More and more companies are using employment background checks to screen applicants before hiring. If you are new to the process, you might be wondering how far back these checks go. This question doesn’t have a simple answer. An advanced background check is made up of several parts with their own unique rules. If you plan to precheck the background of potential hires, here is what you should know.
How Far Back Sources Keep Their Records
Some checks look for current status such as social security records, license checks and credit reports. Each source offers information of varying age, but they focus mainly on current information. County criminal records will uncover several years of information. Felony records are normally kept longer than other offenses. If you are looking for employment verification – typically this information goes back as far as an applicant was employed by that particular employer. Education verifications are normally available for every year the institution has been in operation.
How Dated is the Information Being Passed on to the Employer
An advanced background check is regulated by the federal law Fair Credit Reporting Act which limits the information a third party can pass on to an employer. Bankruptcy cases older than 10 years cannot be admitted, as well as tax liens, civil suits and collections older than seven years. Arrest records and any other adverse information, aside from records of convictions, that is older than seven years is also inadmissible. If you are offering a position that pays more than $75,000 a year, these rules may not apply. Some states may have stricter regulations than the federal law.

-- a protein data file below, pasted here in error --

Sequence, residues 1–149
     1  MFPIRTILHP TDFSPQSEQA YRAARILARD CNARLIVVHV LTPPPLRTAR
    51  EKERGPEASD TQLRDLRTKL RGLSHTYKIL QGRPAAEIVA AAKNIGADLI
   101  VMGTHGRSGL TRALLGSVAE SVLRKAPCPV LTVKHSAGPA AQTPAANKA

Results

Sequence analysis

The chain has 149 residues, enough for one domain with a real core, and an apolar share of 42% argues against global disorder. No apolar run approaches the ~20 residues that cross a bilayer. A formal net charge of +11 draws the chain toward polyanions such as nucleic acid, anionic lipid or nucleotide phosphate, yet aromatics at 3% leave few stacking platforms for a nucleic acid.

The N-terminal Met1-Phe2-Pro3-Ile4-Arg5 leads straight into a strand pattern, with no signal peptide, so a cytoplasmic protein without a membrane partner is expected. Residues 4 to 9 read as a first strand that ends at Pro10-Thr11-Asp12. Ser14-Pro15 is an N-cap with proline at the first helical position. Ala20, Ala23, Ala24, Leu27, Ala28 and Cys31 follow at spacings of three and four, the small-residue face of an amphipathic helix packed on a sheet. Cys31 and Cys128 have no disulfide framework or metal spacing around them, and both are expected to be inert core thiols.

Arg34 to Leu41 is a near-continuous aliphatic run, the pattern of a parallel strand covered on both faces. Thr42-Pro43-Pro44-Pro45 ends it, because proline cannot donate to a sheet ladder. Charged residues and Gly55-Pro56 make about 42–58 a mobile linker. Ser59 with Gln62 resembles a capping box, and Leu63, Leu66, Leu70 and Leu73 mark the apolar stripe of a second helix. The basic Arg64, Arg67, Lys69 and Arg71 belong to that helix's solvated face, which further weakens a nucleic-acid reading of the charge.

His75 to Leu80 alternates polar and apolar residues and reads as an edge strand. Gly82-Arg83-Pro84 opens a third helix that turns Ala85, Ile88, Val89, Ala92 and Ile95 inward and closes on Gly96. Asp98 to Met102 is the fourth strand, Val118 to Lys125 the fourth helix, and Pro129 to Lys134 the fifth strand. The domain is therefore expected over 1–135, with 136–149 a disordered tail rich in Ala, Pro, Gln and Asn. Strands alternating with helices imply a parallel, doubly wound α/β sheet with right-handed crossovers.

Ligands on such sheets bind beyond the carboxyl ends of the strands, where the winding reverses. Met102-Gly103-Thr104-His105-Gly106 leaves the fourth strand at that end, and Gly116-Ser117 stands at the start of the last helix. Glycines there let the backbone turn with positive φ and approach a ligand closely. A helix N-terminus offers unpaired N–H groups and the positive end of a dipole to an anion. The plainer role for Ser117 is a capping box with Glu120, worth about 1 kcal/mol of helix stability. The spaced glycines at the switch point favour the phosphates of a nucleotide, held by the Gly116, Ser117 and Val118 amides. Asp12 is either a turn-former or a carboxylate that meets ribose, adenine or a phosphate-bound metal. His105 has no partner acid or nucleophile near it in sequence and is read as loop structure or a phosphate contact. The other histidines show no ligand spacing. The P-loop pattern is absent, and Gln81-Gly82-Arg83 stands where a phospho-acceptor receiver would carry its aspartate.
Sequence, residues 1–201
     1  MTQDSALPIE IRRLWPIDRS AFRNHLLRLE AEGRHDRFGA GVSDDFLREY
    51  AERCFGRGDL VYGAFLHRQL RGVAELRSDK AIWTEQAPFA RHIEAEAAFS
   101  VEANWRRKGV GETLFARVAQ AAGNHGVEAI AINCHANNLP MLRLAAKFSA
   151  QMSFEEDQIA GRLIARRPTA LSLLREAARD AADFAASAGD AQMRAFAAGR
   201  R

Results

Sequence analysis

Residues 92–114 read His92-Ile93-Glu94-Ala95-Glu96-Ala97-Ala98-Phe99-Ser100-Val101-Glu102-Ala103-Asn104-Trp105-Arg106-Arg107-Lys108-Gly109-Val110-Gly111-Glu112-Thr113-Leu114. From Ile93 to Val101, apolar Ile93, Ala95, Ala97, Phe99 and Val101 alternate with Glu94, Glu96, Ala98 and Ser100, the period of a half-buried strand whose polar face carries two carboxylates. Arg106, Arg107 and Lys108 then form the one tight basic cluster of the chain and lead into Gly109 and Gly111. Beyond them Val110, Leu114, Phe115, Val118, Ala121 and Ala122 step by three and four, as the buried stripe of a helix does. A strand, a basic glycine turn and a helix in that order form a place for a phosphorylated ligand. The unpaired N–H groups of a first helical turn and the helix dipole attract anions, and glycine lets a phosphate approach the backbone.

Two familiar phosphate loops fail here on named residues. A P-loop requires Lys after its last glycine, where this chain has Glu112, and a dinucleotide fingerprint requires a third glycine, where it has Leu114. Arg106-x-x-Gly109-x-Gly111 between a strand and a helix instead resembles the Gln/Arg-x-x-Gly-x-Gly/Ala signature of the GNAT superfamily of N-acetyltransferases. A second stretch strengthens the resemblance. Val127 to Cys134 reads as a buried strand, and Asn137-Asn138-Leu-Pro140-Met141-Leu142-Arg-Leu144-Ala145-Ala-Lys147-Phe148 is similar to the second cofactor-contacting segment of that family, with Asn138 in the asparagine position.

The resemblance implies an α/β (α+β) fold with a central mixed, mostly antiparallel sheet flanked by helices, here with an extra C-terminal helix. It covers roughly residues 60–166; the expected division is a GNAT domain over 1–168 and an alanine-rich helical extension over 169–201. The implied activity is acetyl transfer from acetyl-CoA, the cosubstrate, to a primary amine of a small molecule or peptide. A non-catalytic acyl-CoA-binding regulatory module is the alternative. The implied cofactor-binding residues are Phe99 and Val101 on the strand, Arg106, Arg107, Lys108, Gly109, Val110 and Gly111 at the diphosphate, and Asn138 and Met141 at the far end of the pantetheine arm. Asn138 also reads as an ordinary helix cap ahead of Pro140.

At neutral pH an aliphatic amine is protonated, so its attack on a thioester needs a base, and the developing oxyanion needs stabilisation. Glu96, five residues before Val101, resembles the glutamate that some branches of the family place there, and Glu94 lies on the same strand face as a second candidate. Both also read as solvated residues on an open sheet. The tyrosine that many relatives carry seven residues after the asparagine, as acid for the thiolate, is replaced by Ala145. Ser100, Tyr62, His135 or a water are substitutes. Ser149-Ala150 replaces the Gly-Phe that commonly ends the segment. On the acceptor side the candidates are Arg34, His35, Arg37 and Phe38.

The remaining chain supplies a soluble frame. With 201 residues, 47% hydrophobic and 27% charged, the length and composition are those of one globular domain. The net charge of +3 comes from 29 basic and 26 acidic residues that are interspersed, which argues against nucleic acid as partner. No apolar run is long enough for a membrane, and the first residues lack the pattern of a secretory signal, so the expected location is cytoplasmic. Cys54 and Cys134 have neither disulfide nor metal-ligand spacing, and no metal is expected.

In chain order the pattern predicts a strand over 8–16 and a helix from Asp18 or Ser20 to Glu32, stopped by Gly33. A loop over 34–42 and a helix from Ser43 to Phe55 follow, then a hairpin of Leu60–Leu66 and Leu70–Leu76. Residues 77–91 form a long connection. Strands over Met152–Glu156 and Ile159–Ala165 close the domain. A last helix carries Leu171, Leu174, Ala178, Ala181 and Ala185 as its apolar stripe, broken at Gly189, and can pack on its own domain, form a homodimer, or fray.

How Old the Information Can Be That an Employer Uses
What information can an employer use once it has the records in hand? You should only use information related to the specific job requirements of your particular offered position, and only from a relevant time period. Just because a person made a mistake in the past does not mean they haven’t changed as they have gotten older. However, if the applicant lies about the information, that is a current problem. Remember that it is illegal to use background check information against someone based solely on race, national origin, color, sex, religion, disability, genetic information or age. State and federal laws limit the use of some information when you precheck the background of a potential employee based on the age of that information. For example, criminal conviction information is regulated by the EEOC.
If you are interested in obtaining background checks on potential hires, don’t go it alone. Hire a company that works within federal and state regulations to provide you with the most extensive and current information.
Contact Edge Information today for a free demo and learn about our technology integrations with leading applicant tracking systems.